Mexico’s mass residential construction program decays into slums

            <img srcset="https://archinect.imgix.net/uploads/8w/8w9msaylclrgmyf5.JPG?fit=crop&auto=compress%2Cformat&w=650 1x,https://archinect.imgix.net/uploads/8w/8w9msaylclrgmyf5.JPG?fit=crop&auto=compress%2Cformat&w=650&dpr=2 2x, https://archinect.imgix.net/uploads/8w/8w9msaylclrgmyf5.JPG?fit=crop&auto=compress%2Cformat&w=650&dpr=3 3x" src="https://archinect.imgix.net/uploads/8w/8w9msaylclrgmyf5.JPG?fit=crop&auto=compress%2Cformat&w=650" border="0" title="" alt="" width="650" height="" /><em>It was a Levittown moment for Mexico &mdash; a test of the increasingly prosperous nation&rsquo;s first-world ambitions. But Mexico fell disastrously short of creating that orderly suburbia. The program has devolved into a slow-motion social and financial catastrophe, inflicting daily hardships and hazards on millions in troubled developments across the country.</p></em><br /><br /><p>The Mexican government collaborated with private developers to undertake the largest residential construction program in all of Latin America. From 2001 to 2012, an estimated 20 million people moved into newly built developments. The program cost more than $100 billion promising affordable housing to one sixth of Mexico's population. Yet most of this new suburbia was improperly built leading to the eventual breakdown of these communities.&nbsp;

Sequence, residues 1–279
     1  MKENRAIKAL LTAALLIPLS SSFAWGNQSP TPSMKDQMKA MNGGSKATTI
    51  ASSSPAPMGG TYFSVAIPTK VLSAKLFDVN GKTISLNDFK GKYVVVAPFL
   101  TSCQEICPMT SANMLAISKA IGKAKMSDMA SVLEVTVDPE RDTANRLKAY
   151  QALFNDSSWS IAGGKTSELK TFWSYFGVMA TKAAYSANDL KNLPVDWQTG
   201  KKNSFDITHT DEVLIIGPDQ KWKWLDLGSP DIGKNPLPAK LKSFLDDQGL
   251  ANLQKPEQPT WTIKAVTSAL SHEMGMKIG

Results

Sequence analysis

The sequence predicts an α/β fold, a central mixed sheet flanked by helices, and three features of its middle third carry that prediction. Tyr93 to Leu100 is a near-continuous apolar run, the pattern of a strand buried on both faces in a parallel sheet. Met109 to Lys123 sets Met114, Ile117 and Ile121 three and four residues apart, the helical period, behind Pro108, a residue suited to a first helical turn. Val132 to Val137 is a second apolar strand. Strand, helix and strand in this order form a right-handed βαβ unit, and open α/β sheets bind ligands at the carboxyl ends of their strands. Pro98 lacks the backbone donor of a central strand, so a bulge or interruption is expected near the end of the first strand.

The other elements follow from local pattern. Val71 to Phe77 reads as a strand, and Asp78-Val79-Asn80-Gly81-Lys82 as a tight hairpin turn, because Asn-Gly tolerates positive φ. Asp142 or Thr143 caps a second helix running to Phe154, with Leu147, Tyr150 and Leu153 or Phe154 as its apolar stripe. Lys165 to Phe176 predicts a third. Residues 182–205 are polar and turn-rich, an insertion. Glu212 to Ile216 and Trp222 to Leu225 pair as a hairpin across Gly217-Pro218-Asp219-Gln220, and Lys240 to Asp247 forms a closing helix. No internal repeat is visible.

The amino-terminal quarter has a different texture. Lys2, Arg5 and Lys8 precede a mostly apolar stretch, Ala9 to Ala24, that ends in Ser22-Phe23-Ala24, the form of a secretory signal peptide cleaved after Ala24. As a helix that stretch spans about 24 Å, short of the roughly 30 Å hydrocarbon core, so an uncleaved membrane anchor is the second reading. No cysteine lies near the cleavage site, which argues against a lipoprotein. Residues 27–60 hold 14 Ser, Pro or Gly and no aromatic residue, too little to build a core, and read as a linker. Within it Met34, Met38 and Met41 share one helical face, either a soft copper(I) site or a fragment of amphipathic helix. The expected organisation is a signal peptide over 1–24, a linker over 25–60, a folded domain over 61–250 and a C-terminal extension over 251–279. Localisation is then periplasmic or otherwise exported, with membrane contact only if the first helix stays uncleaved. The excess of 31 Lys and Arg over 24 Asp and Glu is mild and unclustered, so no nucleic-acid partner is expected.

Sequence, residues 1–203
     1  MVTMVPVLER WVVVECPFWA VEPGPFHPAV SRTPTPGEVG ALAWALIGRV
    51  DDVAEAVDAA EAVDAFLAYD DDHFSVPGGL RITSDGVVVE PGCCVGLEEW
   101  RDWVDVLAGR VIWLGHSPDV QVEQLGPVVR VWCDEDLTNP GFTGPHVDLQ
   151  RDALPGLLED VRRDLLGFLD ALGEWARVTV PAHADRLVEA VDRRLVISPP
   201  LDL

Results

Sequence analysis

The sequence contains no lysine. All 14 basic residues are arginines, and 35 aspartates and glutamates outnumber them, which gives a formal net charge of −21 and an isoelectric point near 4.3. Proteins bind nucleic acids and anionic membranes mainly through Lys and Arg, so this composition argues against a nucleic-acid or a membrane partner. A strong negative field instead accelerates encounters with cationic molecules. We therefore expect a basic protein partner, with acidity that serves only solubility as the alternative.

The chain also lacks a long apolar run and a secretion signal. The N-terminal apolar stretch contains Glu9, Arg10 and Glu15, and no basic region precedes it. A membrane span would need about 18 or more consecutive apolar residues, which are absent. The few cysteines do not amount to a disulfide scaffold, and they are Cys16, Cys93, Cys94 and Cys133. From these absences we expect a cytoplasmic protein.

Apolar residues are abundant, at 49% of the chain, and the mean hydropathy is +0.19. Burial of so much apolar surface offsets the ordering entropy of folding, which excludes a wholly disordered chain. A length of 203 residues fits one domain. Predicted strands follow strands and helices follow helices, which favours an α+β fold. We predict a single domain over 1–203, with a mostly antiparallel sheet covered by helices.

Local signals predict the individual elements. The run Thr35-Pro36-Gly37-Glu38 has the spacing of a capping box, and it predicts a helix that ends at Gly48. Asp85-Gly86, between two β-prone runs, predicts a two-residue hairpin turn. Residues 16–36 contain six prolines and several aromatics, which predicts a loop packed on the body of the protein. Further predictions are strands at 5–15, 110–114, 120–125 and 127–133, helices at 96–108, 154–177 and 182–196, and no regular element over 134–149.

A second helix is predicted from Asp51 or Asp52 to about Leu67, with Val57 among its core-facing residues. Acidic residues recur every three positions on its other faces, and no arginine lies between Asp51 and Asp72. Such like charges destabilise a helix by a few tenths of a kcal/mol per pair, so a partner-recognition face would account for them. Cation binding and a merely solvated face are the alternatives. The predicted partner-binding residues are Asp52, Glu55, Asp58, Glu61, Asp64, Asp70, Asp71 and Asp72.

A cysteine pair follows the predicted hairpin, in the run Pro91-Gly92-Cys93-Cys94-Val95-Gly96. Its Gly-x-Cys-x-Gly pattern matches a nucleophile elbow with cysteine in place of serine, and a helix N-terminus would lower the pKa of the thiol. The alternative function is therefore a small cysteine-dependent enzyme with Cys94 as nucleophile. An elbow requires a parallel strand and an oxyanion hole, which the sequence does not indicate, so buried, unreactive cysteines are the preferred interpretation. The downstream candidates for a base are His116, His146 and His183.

On the outside these developments appeared normal, however as residents moved in the structural issues became apparent. These new suburban developments were in many cases abandoned by builders leaving unfinished communities and . Incomplete or broken waste water systems and electrical grids lead to sewage in the streets and fires in the homes. Water treatment plants broke and were never repaired leaving many of the developments without running water for years now. Improperly built houses were destroyed by flooding resulting in many of the ...

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